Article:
Once again I’m getting inspiration for a blog post from the quotes on my Sherlock Holmes mug (available via the Philosopher’s Guild).
Holmes states in The Sign of Four that “I never make exceptions. An exception disproves the rule.” Once again, I think there’s useful advice for writers in that (but also some bad advice).
Most obviously, whatever rules you set up for your fantasy world, you need to follow them. If cold iron cancels magic or kills fae, it has to do so consistently. If your hero lives by an oath of nonviolence or non-killing, he has to stick to it (Superman writers in the Silver Age keep forgetting he doesn’t kill and having him blow up enemy spaceships or the like). If you do make an exception you’d better explain it logically. And you have to make readers care: I have a hard time worrying that someone’s violating rules the writer made up, no matter how impossible the characters say it is.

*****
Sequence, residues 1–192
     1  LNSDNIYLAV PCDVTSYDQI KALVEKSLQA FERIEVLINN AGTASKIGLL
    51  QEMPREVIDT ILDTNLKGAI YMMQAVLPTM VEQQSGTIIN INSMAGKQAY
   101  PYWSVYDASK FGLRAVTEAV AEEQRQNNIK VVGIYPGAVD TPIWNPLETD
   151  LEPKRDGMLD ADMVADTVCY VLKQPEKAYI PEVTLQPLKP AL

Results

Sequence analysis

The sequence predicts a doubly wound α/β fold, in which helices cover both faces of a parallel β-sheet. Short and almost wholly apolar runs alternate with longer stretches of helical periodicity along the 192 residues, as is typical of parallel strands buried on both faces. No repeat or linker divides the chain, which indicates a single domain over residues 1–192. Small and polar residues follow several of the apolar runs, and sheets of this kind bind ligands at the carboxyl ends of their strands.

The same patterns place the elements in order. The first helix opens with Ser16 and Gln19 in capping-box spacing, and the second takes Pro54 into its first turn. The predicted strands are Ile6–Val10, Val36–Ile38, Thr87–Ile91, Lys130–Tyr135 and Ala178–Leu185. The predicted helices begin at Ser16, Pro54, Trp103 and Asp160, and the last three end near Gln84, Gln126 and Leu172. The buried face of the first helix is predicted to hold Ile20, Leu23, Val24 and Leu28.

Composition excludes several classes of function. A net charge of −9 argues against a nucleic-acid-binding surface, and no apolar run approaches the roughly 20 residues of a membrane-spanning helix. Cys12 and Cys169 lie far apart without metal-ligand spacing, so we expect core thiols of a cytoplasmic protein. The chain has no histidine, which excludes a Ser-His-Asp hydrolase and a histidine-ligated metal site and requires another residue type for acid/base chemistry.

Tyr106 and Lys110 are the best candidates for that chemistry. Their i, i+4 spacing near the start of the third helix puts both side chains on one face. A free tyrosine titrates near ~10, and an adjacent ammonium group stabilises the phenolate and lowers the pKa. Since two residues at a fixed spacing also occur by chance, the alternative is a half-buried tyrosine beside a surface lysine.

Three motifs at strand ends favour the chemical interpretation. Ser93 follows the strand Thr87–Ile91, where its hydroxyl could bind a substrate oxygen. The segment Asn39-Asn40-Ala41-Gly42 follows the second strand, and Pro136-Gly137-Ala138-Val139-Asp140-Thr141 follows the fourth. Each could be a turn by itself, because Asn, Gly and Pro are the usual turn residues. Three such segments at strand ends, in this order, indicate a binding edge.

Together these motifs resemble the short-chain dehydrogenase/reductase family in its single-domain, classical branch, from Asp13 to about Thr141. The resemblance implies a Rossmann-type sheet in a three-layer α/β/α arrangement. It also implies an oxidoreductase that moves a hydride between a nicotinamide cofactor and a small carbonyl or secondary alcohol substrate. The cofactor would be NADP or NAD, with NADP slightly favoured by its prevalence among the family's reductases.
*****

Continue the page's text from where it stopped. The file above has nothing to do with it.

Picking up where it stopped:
The same principle applies to mainstream fiction. I read a thriller back in the 1990s which went to great lengths to provide realistic detail on bombs,, their effects and how to disarm them. So at the climax having the protagonist caught when the bomb blows off but turn out to be standing just far enough away it simply lifts her off the grounds and drops her unharmed with tousled hair … it didn’t fit.
Similarly, He’s Just Not That Into You annoyed me by setting up a rule — guy doesn’t chase a girl relentlessly, he’s not interested — but then it breaks its own premise in the various romances.
In marketing, I take the quote two ways, one valid for writing and one not. As countless how-to articles have observed, never assume that your manuscript is so awesome that an editor will ignore that it’s the wrong length/genre/style. Even though some people do break the rules, it’s wise not to assume we can get away with the same.
The not-valid is the insistence I also see in how-to articles that whatever genre you’re writing for, you should mimick what everyone else is writing. As I discuss at the link, that’s not always the best idea and sometimes a bad one.
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